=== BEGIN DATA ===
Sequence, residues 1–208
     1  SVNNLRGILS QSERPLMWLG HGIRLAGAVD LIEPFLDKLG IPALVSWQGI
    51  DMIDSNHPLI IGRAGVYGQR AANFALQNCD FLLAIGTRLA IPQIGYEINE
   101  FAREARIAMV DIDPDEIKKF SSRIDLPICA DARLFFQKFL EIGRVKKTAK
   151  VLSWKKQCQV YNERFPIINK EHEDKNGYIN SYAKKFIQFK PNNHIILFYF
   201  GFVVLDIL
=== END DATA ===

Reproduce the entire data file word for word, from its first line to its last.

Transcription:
Sequence, residues 1–208
     1  SVNNLRGILS QSERPLMWLG HGIRLAGAVD LIEPFLDKLG IPALVSWQGI
    51  DMIDSNHPLI IGRAGVYGQR AANFALQNCD FLLAIGTRLA IPQIGYEINE
   101  FAREARIAMV DIDPDEIKKF SSRIDLPICA DARLFFQKFL EIGRVKKTAK
   151  VLSWKKQCQV YNERFPIINK EHEDKNGYIN SYAKKFIQFK PNNHIILFYF
   201  GFVVLDIL